I often turn to LinkedIn to find court reporters and court reporting companies in areas that I do not know any court reporters, videographers or court reporting firms. There is a lot of activity in the court reporting industry on LinkedIn. I find many discussion groups that many court reporters participate in. I also have found that there are many court reporters, court reporting companies and people who do business with court reporting firms on LinkedIn. I have also found many employees at all different levels members of LinkedIn. So since my favorite topic lately has been trying to give some advice on how to get jobs, well, certainly put up your professional court reporting or videographer profile on LinkedIn. I was really surprised to see how much activity the court reporting community has on this website.
My favorite topic these days is court reporting in new york city, especially concerning new court reporters and how they can best get that toe in the door of the court reporting agency they want to impress. Here is the method one new court reporter in new york used and how it worked out. Yes, we do give her work a few times a month. It really involved basic business and people skills. Obviously, your resume should be done with a lot of care. Yes, we do get mostly sloppy resumes. Ouch! End of the line for this one.
Send a thank you. Yes, thank yous work in the business world. Thanks for taking the time to look at my resume. Any possible occasion, New Year, whatever, about once a month, a short and nice email, please keep me in mind. I would very much like to work with you. Compliments do work! Keep in low-keyed. There is definitely room for new court reporters to get work and move up the ladder in the court reporting firm they choose. Target a court reporting firm; pay attention to it; keep in touch with them in a low-keyed way; make sure there are no typos in your correspondence and be available for whatever court reporting assignment might come up. Most court reporting firms do not want to lose clients so won’t send you someplace over your head. I feel good about 2013 and this seems to be a better year for most firms than 2012.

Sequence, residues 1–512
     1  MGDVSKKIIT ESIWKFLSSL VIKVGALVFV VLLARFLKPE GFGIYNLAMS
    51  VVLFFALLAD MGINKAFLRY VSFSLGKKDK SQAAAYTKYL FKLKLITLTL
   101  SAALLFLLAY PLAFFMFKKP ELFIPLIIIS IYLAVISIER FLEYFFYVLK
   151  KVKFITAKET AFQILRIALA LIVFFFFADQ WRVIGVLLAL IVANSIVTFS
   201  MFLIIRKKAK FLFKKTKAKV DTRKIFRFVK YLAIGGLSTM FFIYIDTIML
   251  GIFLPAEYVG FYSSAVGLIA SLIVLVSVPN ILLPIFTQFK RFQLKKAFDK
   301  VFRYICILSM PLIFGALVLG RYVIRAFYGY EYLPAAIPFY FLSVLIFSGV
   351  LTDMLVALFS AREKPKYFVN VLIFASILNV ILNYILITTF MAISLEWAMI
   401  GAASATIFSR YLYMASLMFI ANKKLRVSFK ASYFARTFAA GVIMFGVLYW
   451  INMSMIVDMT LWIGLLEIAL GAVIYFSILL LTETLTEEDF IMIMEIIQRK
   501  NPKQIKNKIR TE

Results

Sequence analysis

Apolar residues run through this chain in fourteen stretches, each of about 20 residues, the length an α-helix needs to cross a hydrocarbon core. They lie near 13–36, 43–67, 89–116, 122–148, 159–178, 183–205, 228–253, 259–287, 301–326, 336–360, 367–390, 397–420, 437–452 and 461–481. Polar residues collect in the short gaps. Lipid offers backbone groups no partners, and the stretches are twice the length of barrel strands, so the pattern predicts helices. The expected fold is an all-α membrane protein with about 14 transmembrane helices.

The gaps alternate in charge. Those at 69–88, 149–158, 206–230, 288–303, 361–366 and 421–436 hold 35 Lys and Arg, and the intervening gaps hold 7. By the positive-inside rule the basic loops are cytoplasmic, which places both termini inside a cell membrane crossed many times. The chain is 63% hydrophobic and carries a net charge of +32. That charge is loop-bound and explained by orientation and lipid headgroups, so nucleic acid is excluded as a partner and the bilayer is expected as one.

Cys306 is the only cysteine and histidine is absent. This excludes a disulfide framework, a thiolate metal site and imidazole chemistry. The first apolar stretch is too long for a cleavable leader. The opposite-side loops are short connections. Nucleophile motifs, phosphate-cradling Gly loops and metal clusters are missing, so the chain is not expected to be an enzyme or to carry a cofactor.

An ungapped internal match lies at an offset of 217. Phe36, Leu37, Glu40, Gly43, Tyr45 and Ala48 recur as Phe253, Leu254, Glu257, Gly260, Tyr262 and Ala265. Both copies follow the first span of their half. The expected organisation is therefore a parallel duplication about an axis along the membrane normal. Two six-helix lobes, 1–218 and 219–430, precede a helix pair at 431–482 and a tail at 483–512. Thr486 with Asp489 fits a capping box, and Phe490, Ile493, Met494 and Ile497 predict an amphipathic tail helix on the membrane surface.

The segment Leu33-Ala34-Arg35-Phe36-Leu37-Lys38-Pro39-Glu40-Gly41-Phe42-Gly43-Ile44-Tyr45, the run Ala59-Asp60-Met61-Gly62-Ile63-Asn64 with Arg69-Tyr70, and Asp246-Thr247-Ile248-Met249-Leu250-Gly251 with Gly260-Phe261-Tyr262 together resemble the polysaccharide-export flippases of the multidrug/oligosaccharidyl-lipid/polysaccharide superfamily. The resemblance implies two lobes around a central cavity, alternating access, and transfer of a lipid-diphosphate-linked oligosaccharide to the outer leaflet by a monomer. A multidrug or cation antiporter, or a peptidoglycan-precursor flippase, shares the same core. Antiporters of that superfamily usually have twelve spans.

Hang in there. You picked a great profession, court reporting, and a great career, court reporter, but it take time and effort.
Been away for a little while but I still think it is crucial to write about jobs and the thoughts I express as an employer of a new york city court reporting firm are really relevant to all professions. In today’s economy, and having survived in the NYC court reporting agency business for over 30 years, I try to give back and help new court reporters in new york city as well as answering emails from court reporters nationwide.
This is my experience with a new court reporter in NYC this week. A recent court reporter graduate called and wanted to get some more experience sitting in. I spoke to her for a while to get a feel of what this court reporter’s skills were so as not to send her somewhere above her head. My nyc court reporting agency called our court reporter scheduled for the case and the attorneys on both sides to make sure it was okay for a new court reporter to sit in. We are a busy new york court reporting firm. I spent time on the phone with this court reporter and my staff spent time on getting approvals from clients and the court reporter assigned. Got back to this court reporter with all the info.